Carrots can be a very worthwhile crop to grow in your polytunnel. If you live in a higher rainfall area, you may find that carrots will do better under cover, where they are more likely not to be over-watered. Carrots require free-draining conditions, and will not do well where soil is prone to becoming waterlogged. Another problem that it can be easier to avoid with a polytunnel is carrot fly. A polytunnel will provide some protection against this pest. Unfortunately, however, since your polytunnel must be ventilated in spring and summer, carrot flies can still become a problem. Here are some measures you can take to prevent a carrot fly infestation in your polytunnel:
If you know that carrot fly can be an issue where you live, consider choosing carrot varieties that are carrot fly resistant. You could also consider choosing more unusual heritage varieties – sometimes diversifying the types that you grow is the best safeguard against total crop destruction.
When you are weeding, thinning carrot seedlings, or undertaking other gardening tasks in your polytunnel, take care to avoid crushing the foliage or spreading the scent of the carrots too broadly. Carrot flies are far less likely to get to your carrots if they do not know that they are there.
When sowing carrots in a carrot fly prone area, consider raising crops off the ground, or erecting a protecting wall around your carrots. Carrot flies stay fairly close to the ground and so these measures are said to significantly reduce the likelihood that they will get to your crop.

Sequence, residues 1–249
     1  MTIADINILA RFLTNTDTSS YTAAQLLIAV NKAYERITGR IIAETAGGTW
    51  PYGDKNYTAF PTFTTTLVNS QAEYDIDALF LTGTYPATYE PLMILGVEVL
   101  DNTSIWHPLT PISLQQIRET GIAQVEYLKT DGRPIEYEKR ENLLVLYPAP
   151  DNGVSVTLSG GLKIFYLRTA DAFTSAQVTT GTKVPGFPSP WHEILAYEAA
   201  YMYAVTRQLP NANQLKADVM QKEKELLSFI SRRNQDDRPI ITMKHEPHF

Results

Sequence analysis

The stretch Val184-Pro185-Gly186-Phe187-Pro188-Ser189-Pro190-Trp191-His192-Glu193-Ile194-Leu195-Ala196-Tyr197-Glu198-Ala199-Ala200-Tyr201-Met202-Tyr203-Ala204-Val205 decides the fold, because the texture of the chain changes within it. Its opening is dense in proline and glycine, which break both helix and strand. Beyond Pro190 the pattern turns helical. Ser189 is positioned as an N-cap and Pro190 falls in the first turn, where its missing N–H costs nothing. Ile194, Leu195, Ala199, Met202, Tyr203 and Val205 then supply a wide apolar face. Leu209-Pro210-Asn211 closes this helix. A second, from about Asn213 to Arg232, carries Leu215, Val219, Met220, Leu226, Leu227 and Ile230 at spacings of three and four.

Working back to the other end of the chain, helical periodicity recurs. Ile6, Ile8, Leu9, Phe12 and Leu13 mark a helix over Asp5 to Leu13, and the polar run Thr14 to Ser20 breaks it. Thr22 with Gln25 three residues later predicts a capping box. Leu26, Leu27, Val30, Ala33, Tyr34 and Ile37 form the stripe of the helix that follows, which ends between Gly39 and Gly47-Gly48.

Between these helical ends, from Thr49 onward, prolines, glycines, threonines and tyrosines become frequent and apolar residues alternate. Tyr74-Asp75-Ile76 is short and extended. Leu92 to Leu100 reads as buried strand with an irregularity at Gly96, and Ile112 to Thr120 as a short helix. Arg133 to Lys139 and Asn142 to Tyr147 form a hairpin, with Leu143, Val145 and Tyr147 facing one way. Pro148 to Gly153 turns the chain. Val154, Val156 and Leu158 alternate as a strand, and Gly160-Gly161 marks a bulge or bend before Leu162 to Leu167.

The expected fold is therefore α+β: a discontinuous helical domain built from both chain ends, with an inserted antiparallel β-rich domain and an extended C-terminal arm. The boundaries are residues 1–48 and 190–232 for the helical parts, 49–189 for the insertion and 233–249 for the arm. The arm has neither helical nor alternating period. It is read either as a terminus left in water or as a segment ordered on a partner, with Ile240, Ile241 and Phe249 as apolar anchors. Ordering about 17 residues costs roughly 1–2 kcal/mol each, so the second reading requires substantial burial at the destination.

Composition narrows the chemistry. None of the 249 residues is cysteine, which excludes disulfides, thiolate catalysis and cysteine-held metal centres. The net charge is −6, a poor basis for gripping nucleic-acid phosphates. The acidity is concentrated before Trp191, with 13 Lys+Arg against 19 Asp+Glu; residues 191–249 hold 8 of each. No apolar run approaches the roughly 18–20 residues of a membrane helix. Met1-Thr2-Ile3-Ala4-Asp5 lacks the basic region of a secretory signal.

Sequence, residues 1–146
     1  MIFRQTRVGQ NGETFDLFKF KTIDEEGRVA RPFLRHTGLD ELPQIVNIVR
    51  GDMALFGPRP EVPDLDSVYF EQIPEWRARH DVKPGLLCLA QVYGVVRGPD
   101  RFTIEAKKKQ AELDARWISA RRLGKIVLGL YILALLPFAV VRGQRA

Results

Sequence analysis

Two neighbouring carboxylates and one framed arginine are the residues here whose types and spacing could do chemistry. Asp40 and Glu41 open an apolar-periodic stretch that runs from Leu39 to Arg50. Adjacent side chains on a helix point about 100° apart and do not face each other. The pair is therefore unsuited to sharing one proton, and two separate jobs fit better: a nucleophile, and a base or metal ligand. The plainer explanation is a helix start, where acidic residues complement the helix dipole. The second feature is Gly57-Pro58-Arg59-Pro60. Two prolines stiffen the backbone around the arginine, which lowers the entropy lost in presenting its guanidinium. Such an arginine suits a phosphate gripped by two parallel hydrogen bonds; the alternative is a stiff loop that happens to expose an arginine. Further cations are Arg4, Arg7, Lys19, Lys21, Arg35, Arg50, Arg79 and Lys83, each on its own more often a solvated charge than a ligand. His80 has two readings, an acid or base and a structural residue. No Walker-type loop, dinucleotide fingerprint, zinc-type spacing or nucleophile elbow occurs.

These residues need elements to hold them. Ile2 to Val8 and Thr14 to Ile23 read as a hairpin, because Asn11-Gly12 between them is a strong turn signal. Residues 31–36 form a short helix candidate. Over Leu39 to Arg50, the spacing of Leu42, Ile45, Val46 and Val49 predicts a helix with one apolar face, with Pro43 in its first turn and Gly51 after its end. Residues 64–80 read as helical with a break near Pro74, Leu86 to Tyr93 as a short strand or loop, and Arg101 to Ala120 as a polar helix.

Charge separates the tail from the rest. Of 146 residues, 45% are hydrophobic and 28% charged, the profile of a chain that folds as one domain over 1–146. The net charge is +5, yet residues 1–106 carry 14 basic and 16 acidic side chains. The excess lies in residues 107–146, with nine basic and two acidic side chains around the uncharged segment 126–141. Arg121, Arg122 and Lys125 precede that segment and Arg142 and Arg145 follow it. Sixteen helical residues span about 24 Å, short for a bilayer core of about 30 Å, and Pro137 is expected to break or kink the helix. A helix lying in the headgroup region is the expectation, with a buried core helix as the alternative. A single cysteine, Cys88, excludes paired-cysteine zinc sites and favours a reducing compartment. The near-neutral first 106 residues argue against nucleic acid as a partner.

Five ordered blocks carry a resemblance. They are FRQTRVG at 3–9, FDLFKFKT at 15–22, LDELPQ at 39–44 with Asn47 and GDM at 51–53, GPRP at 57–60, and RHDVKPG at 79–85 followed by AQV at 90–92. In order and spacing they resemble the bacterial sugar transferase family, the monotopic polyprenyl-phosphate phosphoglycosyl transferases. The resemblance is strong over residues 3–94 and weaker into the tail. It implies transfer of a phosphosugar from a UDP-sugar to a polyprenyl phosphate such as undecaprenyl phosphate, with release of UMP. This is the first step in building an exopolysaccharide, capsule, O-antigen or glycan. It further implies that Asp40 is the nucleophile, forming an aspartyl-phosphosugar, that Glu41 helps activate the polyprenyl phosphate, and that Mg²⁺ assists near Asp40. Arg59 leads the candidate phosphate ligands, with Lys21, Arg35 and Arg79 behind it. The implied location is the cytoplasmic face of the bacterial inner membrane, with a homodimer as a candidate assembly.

In carrot fly prone areas, a complete fine-mesh covering may be the only way to protect carrots. Make sure there are no gaps in the mesh, and remove mesh for maintenance as infrequently as possible. To be more sustainable, try to choose a non-plastic mesh if at all possible.
Perhaps the most important factor in preventing a carrot fly infestation in your polytunnel is companion planting. By companion planting onions or other alliums with your carrots, you can help to mask the carrot smell which attracts the pests in the first place. Filling the polytunnel with masking scents such as alliums and herbs is another good way to reduce the risk of losing your carrot crop.